This is the second time I’ve read Harry Potter and the Deathly Hallows, but the first time reading it critically. I’ve tailored this review in the following in mind: the intended audience for the book and its place in the series.
“Deathly Hallows” is a tad over a 100 pages longer than its immediate predecessor in the series as Rowlings completes her series with the climactic Battle of Hogwarts as Harry and Voldemort face off in their prophesied encounter. Along with Ron and Hermione, Harry chases after the remaining Horcruxes that Voldemort has left behind but eventually the trail returns the grounds of Hogwarts. However along the way, the friends not only have rough times with one another but also with the legacy of Albus Dumbledore. Yet a legendary set of magical objects, the titular Deathly Hallows, enter into the narrative that both hinder the quest of the Horcruxes while also driving the narrative forward to its ultimate conclusion.
“Deathly Hallows” finds the series entering the endgame as the Wizarding World falling under the control of Voldemort as the Ministry falls to his puppet. Battles occur throughout the book, the first being when Harry leaves Privet Drive for the last time which results in the death of Mad-Eye Moody and the maiming of George Weasley. After the fall of the Ministry, Harry, Ron and Hermione go on the run until they infiltrate the Ministry to get a Horcrux from former opponent, Dolores Umbridge. Through the fall and into the winter, their quest is stalled until a turn of events at Malfoy Mansion makes them realize where another Horcrux is. After successfully infiltrating, grabbing another Horcrux, and escaping Gringotts the trio head to Hogwarts after Harry learns from his connection to Voldemort that Hogwarts houses a Horcrux. This return to Hogwarts sets in motion the destruction of the final Horcruxes and the Battle of Hogwart that ends with the duel of Harry and Voldemort. The major subplot of the book are the Deathly Hallows, two of which have been in plain sight for the entire series, but the most noteworthy is the Elder Wand that Voldemort covets to overpower Harry’s wand because what occurred at the end of “Goblet of Fire”. Harry’s obsession with the Hallows do affect the overall quality of the narrative because of their supposed importance is undermined by how late in the series we learn about them and do through shade over a very good book.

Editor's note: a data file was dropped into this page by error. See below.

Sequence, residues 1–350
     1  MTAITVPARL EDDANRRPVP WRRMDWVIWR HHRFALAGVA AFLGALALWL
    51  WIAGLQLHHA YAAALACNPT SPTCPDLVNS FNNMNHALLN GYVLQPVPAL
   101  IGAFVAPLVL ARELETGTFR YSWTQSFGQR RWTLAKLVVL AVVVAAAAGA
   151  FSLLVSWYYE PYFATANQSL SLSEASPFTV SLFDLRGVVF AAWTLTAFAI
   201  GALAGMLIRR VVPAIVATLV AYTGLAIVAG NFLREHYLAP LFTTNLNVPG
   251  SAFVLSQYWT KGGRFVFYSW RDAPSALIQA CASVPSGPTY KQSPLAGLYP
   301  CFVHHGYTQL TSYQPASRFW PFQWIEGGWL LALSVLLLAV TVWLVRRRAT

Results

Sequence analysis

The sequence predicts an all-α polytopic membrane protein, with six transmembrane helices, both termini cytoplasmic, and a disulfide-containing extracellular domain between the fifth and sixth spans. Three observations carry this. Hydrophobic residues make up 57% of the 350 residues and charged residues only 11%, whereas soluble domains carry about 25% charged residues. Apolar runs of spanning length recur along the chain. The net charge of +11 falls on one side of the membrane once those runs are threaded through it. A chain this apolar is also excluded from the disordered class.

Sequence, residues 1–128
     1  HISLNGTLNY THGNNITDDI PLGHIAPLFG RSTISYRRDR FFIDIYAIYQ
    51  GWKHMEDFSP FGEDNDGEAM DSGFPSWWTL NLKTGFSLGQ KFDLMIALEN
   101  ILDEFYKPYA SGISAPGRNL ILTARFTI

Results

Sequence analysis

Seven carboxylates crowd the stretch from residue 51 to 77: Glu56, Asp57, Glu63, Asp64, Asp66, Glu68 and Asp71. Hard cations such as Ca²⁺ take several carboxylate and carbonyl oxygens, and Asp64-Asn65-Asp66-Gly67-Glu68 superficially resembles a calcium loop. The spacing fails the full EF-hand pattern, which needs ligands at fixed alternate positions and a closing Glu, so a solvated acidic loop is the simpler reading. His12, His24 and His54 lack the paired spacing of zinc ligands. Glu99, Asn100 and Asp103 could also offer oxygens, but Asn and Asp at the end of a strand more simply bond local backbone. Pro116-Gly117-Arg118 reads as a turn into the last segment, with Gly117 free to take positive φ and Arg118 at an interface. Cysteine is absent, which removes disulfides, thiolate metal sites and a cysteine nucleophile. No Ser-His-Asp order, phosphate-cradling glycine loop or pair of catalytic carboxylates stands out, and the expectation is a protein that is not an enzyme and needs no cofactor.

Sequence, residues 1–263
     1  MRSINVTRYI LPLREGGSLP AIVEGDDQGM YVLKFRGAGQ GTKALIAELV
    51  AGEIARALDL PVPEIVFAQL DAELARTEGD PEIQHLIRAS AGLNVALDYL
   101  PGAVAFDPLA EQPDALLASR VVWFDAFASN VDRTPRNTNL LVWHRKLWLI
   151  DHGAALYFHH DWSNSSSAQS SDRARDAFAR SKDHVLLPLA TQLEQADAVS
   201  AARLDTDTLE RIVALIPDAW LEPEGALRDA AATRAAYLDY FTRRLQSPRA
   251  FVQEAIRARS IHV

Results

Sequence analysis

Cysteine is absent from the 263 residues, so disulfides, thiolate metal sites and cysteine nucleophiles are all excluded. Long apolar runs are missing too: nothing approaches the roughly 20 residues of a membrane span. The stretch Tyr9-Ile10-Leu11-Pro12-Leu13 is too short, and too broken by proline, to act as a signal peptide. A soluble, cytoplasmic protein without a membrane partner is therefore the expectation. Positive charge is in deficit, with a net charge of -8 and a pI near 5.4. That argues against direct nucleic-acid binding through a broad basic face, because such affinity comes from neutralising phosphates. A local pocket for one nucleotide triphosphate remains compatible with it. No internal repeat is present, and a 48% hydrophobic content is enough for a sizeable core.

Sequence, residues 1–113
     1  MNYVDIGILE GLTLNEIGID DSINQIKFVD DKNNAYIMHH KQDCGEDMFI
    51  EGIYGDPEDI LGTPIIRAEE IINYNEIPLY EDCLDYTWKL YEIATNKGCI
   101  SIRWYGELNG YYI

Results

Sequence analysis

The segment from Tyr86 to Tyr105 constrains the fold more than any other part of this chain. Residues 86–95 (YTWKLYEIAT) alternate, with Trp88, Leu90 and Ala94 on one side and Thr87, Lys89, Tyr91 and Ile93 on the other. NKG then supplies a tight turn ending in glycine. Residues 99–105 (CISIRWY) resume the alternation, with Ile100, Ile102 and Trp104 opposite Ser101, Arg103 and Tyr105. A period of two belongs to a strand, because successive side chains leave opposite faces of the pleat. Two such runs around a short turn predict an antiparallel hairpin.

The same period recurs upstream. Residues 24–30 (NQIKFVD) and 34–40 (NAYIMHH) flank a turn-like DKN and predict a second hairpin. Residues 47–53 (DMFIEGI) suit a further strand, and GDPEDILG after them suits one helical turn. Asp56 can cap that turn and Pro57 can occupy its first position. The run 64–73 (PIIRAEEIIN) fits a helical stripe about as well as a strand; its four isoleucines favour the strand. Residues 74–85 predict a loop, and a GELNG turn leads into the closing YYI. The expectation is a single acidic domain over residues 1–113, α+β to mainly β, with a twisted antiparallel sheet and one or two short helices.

Harry Potter and the Deathly Hallows shows the Wizarding World entering a time of darkness as Voldemort has seemingly taken over but with Harry there is hope people cling to. Save for the late inclusion of the titular Deathly Hallows, the idea of which I believe should have been mentioned earlier in the series, Rowlings completes the overall story she began way back in “Sorcerer’s Stone” by showing how everything that happened before has led to the climactic moment at the end of the book. In the end, this final installment of the series gives the reader who has spent time reading the previous six books a very satisfied conclusion to the story of Harry Potter.